You won’t believe how many e-commerce login attempts are made by hackers

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Amazon
We bet you'll change your Amazon password after reading this article.
Photo: Mike Seyfang/Flickr CC

Go to your Amazon, Zappos, etc. account now and change the password to something stronger. That’s the takeaway from a cyber security firm’s report that says a whopping 91 percent of all attempts to log into e-commerce websites are from hackers.

Attempts by hackers to log into the sites of airlines, banks, and hotels also account for about half of their traffic.

Specifically, 60 percent of password attempts to airline sites come from hackers, 58 percent to consumer banking, and 44 percent to hotel web sites, according to a report from Shape Security.

What’s worst, these attempts are successful about 3 percent of the time. This costs online retailers $6 billion a year, and banks $1.7 billion. Criminals steal users’ loyalty points from airlines and hotels, costing a total of $700 million each year.

Credential stuffing 101

Hackers aren’t trying user names and passwords at random. Whenever some company’s customer database gets hacked, the logon details are shared throughout the criminal world. These are then tried on other sites. This is called credential stuffing.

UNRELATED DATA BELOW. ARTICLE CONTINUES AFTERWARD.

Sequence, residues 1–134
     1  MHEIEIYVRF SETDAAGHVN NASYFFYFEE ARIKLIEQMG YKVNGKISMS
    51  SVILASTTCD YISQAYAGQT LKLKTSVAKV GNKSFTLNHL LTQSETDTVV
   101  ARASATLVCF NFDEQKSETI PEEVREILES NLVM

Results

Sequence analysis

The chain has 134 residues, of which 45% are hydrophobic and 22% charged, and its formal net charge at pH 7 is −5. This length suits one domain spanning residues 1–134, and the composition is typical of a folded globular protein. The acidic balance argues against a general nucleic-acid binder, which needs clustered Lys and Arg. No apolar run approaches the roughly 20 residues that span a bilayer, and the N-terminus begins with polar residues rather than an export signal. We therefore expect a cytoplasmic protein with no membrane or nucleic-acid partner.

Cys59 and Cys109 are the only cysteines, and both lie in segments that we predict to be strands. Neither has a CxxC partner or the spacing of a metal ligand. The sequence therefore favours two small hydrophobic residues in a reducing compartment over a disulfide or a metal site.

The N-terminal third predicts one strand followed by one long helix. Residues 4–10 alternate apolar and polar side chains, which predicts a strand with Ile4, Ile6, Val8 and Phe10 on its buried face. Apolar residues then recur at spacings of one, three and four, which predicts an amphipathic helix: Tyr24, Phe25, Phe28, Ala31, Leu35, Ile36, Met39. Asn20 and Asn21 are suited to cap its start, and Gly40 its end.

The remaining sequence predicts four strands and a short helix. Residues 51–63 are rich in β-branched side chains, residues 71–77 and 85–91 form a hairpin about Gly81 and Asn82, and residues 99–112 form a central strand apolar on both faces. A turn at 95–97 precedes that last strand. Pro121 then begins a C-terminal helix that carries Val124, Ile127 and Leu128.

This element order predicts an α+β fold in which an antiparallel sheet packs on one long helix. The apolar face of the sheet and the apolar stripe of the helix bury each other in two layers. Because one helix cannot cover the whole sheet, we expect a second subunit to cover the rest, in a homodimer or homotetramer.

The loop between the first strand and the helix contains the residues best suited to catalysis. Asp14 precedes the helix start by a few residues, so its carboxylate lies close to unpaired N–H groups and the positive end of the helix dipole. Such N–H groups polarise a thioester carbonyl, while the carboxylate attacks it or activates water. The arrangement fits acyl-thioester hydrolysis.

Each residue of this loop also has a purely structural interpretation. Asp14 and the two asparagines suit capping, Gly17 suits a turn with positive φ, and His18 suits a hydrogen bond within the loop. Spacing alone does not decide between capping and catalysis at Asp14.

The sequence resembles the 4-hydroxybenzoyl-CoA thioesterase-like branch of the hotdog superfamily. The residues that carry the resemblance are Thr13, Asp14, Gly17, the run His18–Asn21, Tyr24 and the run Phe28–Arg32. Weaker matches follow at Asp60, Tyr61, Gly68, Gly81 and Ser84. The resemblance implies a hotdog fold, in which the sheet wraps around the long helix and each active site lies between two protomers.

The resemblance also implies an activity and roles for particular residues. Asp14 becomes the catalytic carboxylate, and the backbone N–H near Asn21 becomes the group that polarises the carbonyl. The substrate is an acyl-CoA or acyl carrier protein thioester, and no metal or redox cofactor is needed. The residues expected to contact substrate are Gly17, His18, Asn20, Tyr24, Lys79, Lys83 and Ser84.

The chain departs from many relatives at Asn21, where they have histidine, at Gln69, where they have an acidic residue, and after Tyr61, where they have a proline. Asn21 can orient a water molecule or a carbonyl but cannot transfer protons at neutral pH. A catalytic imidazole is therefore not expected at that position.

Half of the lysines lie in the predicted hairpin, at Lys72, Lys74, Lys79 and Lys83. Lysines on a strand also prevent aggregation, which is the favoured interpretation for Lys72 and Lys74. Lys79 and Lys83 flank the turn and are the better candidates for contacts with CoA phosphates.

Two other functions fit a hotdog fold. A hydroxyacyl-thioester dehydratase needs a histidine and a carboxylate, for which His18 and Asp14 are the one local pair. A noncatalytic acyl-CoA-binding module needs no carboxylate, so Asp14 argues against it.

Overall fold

“Criminals harvest usernames and passwords from data breaches and test them on every website and mobile app imaginable,” wrote Shape Security.

This is why it’s definitely not a good idea to use the same password on multiple sites. Apple makes it easy to come up with and store strong password that are then protected by Face ID or Touch ID. (The company recently made fun of the difficulties in remembering passwords on your own.)

Speaking of humor, Shape  Security pointed out an item commonly stolen from online retailers with hacked passwords is cheese. While that sounds incredible, Amazon lists a wheel of Parmigiano Reggiano, Bonati Riserva at $2,842.93.